Breast cancer cells obtain an osteomimetic feature via epithelial-mesenchymal transition that have undergone BMP2/RUNX2 signaling pathway induction
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Cong-Cong Tan1,*, Gui-Xi Li1,*, Li-Duan Tan1, Xin Du1, Xiao-Qing Li1,2, Rui He1, Qing-Shan Wang1,2, Yu-Mei Feng1,2
1Department of Biochemistry and Molecular Biology, Tianjin Medical University Cancer Institute and Hospital, National Clinical Research Center of Cancer, Tianjin 300060, China
2Key Laboratory of Breast Cancer Prevention and Treatment of the Ministry of Education, Tianjin Medical University Cancer Institute and Hospital, National Clinical Research Center of Cancer, Tianjin 300060, China
*These authors have contributed equally to this work
Yu-Mei Feng, email: [email protected]
Keywords: osteomimicry, epithelial-mesenchymal transition, BMP2/RUNX2 signaling pathway, breast cancer bone metastasis, cancer-associated fibroblast
Received: March 24, 2016 Accepted: September 25, 2016 Published: October 27, 2016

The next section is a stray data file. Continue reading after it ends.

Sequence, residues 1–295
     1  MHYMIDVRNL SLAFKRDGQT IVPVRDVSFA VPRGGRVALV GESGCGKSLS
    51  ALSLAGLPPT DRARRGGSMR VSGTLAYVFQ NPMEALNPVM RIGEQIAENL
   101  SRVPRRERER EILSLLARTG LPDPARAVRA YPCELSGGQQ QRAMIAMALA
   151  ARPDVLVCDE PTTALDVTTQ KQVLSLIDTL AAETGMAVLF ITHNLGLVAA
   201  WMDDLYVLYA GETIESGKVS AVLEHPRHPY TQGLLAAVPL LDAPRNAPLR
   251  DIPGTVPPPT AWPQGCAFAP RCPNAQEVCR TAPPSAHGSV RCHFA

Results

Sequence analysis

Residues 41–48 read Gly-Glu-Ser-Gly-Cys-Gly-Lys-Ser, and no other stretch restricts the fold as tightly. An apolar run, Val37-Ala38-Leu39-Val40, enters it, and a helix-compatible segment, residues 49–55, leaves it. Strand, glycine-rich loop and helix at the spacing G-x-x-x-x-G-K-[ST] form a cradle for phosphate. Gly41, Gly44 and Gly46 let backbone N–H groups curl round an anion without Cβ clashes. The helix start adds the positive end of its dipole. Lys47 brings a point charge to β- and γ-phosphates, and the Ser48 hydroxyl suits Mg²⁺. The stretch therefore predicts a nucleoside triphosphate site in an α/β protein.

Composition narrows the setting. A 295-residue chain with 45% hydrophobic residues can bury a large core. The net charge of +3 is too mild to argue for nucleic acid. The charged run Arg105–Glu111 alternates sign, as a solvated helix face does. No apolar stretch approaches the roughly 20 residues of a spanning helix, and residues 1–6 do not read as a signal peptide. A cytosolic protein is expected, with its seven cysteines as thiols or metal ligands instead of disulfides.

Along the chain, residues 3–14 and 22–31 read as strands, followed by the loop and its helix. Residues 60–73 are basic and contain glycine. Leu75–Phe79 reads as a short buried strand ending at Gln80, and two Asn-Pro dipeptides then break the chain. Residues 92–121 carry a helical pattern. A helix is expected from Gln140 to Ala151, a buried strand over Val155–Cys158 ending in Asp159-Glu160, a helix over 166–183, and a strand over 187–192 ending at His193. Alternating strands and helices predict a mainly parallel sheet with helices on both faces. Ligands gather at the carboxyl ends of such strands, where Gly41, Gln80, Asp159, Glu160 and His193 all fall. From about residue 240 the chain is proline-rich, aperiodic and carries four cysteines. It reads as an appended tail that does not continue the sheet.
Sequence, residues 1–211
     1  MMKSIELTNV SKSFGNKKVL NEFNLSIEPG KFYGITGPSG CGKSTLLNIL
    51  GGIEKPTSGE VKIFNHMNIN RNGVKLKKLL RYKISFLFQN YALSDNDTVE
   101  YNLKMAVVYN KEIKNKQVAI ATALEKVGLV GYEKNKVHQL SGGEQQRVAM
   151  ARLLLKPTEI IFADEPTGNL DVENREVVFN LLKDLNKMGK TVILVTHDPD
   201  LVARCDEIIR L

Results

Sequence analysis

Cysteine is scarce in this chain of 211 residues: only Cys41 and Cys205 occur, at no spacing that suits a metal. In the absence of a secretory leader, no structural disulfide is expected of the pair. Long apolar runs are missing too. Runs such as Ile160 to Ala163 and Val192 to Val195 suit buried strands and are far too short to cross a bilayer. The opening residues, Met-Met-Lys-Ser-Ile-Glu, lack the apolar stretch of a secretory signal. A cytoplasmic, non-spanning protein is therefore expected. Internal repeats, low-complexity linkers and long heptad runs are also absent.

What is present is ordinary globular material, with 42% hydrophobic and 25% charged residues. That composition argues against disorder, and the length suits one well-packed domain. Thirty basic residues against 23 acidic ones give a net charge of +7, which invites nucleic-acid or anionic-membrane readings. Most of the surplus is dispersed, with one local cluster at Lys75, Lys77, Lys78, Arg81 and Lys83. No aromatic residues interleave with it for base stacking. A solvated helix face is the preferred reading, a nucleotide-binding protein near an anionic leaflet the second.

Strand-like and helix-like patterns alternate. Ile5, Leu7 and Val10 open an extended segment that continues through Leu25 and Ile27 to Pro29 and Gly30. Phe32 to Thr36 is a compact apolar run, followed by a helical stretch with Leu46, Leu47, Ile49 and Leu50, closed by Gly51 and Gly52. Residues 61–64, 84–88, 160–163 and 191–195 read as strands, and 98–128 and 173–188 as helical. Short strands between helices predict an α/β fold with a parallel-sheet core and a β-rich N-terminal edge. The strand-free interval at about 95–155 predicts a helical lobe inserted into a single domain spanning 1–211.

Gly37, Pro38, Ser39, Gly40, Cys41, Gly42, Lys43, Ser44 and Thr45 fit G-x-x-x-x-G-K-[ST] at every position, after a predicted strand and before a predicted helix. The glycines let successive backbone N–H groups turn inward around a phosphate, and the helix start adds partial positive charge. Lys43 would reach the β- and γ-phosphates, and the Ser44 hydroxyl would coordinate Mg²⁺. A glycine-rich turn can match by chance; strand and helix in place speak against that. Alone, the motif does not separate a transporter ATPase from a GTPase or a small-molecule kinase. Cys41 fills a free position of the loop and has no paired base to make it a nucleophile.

Bone is one of the most common organs of breast cancer metastasis. Cancer cells that mimic osteoblasts by expressing bone matrix proteins and factors have a higher likelihood of metastasizing to bone. However, the molecular mechanisms of osteomimicry formation of cancer cells remain undefined. Herein, we identified a set of bone-related genes (BRGs) that are ectopically co-expressed in primary breast cancer tissues and determined that osteomimetic feature is obtained due to the osteoblast-like transformation of epithelial breast cancer cells that have undergone epithelial-mesenchymal transition (EMT) followed by bone morphogenetic protein-2 (BMP2) stimulation. Furthermore, we demonstrated that breast cancer cells that transformed into osteoblast-like cells with high expression of BRGs showed enhanced chemotaxis, adhesion, proliferation and multidrug resistance in an osteoblast-mimic bone microenvironment in vitro. During these processes, runt-related transcription factor 2 (RUNX2) functioned as a master mediator by suppressing or activating the transcription of BRGs that underlie the dynamic antagonism between the TGF-β/SMAD and BMP/SMAD signaling pathways in breast cancer cells. Our findings suggest a novel mechanism of osteomimicry formation that arises in primary breast tumors, which may explain the propensity of breast cancer to metastasize to the skeleton and contribute to potential strategies for predicting and targeting breast cancer bone metastasis and multidrug resistance.
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